The transitional NVR map can be viewed online using the NVR Map Viewer. Click on the 'I want to' button to search for your landholding on the map.
The transitional NVR Map will be updated regularly including:
- annual updates following application of new or improved data
- more frequent updates capturing changes such as new or ending code certification recategorisation and set-aside sites
- Landholder Initiated Map Review (Map Review) changes.
Due to ongoing refinements and updates to the transitional NVR Map you should always check if the map has changed before undertaking any management activities on your property. The Map Viewer will allow you to print a date stamped version of the map. It is recommended that you print a copy of the map for your records before undertaking any vegetation clearing works.
Each category is developed using a combination of rigorous scientific assessment by experienced scientists and the integration of particular data required by the legislation. Publicly released NVR Map categories are available via the NVR Map Viewer.
The transitional NVR Map 'steep or highly erodible land, protected riparian land or special category land' (category 2 – vulnerable regulated land), category 2 - sensitive regulated land categories and excluded land categories were published and came into full regulatory effect on 25 August 2017. These categories are now available on the NVR Map Viewer.
Transitional Native Vegetation Regulatory Map – Land categories and map colour
|Category 2 - vulnerable regulated
||Under section 60F(2)(c) of the LLS Act, land designated as 'steep or highly erodible lands, protected riparian land or special category land' on the map is category 2 – vulnerable regulated land. Native vegetation on this land includes dead and non-native plants (s 60B(3)).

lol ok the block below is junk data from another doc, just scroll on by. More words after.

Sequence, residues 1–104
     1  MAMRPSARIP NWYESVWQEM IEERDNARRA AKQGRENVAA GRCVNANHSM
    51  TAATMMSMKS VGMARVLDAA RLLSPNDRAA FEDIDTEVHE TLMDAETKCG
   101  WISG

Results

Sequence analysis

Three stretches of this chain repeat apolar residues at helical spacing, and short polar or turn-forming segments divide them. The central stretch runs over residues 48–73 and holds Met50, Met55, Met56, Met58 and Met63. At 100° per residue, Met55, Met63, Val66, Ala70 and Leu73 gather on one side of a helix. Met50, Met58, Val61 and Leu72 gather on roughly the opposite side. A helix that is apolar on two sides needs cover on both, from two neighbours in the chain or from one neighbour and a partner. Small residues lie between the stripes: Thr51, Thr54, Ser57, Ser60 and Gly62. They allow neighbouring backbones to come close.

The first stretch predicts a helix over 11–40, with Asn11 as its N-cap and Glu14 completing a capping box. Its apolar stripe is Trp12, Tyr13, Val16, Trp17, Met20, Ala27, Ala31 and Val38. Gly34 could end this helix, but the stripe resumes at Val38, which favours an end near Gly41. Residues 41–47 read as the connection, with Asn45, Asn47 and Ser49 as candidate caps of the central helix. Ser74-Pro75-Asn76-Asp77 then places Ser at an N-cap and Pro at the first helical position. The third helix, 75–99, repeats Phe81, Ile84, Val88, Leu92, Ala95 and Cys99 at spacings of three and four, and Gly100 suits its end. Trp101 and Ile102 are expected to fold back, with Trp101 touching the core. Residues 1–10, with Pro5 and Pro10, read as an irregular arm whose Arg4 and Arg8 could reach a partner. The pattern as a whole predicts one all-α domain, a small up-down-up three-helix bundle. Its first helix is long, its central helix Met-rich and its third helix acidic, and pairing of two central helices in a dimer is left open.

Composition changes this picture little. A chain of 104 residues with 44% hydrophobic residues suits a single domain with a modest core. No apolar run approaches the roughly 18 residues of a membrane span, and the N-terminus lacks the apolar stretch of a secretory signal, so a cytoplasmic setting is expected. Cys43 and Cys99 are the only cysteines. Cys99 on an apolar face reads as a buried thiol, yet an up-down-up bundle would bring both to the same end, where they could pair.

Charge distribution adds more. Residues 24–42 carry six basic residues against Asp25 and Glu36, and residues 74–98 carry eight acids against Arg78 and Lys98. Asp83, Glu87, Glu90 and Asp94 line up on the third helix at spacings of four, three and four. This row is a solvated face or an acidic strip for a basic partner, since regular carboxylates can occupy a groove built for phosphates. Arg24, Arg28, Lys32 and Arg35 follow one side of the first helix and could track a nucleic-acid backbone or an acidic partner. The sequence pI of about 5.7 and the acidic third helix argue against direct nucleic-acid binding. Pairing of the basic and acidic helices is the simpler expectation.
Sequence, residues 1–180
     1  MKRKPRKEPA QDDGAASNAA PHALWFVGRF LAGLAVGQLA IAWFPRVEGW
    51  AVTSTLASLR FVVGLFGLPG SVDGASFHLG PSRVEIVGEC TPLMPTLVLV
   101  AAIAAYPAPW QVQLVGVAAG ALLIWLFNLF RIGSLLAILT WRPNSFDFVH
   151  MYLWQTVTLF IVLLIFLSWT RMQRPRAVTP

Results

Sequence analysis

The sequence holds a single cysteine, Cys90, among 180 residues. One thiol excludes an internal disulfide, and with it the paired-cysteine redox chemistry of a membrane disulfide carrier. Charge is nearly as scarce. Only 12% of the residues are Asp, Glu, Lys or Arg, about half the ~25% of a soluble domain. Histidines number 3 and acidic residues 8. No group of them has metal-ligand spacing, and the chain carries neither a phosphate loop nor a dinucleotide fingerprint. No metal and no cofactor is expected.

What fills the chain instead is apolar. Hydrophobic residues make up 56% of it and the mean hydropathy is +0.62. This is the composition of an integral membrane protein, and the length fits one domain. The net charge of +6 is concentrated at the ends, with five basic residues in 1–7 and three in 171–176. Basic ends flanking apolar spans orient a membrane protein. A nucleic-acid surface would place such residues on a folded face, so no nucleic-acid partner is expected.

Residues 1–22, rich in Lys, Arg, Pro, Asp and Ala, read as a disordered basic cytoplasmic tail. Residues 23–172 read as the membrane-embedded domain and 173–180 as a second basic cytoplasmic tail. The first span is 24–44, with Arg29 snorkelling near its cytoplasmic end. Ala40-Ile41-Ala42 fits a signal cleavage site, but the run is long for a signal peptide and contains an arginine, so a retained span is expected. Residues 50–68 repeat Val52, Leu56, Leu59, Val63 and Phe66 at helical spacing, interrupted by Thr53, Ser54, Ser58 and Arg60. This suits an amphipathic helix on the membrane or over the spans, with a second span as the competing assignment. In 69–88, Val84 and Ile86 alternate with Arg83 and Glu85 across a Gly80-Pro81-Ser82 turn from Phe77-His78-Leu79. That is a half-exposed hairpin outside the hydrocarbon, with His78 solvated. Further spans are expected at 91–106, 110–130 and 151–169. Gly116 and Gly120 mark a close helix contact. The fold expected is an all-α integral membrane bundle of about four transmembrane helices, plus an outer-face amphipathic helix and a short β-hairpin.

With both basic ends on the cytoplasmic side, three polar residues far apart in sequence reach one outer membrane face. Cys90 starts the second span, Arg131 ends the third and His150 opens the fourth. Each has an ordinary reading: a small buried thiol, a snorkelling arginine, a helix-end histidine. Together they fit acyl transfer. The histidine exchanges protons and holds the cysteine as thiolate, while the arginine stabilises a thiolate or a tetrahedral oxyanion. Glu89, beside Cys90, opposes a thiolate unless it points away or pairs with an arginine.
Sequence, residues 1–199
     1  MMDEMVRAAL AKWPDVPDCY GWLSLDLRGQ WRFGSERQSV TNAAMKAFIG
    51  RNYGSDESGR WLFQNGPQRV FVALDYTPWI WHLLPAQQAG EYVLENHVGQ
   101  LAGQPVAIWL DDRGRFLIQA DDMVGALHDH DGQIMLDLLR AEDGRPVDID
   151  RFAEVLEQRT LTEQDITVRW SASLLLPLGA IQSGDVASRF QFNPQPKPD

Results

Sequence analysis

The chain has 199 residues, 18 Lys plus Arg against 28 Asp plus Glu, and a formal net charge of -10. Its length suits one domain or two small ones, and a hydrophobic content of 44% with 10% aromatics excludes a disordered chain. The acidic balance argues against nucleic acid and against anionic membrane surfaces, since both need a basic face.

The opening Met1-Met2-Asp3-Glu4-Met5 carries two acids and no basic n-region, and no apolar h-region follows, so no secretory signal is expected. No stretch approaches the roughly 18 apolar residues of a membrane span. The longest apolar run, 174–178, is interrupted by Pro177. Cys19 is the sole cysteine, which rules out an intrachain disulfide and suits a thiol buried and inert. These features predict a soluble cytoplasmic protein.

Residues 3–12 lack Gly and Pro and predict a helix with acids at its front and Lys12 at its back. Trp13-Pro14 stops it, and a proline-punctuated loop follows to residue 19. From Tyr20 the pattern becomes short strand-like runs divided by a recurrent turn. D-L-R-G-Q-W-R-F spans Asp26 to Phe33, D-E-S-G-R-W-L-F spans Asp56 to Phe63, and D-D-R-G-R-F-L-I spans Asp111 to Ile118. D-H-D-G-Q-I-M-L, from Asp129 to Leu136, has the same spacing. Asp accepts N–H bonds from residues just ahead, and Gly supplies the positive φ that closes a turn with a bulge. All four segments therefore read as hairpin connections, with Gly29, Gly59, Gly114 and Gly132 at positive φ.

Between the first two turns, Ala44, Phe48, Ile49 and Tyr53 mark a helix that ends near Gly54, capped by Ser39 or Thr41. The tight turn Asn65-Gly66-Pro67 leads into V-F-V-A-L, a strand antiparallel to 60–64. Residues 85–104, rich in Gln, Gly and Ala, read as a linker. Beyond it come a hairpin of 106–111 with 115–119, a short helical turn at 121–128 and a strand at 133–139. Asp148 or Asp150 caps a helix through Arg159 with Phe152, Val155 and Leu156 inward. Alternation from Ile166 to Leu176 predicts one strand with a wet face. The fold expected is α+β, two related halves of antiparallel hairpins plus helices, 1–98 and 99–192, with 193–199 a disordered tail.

||Category 2 -sensitive regulated
|The LLS Regulation sections 108, 111 and 113 set out what land is to be designated as sensitive regulated land. It includes land that the Environment Agency Head reasonably believes includes certain coastal wetlands, certain rainforests, core koala habitat, certain high conservation grasslands, certain critically endangered entities, land subject to private land conservation agreements or certain incentive agreements or covenants, or land that meets other environmental criteria listed in the legislation.
Section 60A of the LLS Act defines parts of the state where land is excluded from the operation of Part 5A of the LLS Act. These areas include state forests, national park estates, Lord Howe Island and certain conservation areas across the state.
Urban areas of the state to which State Environmental Planning Policy (Vegetation in Non-Rural Areas) 2017 applies are also excluded from Part 5A of the LLS Act. These areas include a range of metropolitan local government areas as well as a number of land zones contained within Local Environmental Plans such as residential, commercial, industrial, recreation and environmental zones.
|Land that is not yet categorised on the NVR Map
Land on the NVR Map not depicted as one of the categories shown above is still bound by provisions of the legislation. Landholders seeking to use the Land Management (Native Vegetation) Code or otherwise remove native vegetation on these areas must refer to the legislation to determine what category of land the native vegetation is on and what authorisation may be required.
For information about determining land categories not yet displayed on the NVR Map, contact your Local Land Services.
Information about Category Explanation Reports and Landholder Initiated Map Reviews is available from the Native Vegetation Regulatory Map review webpage, or by contacting the Map Review Team: 02 6360 9000 or email@example.com
More information about the NSW biodiversity conservation reforms and the NSW Native Vegetation Regulation Map can be found on the NSW Land Management website.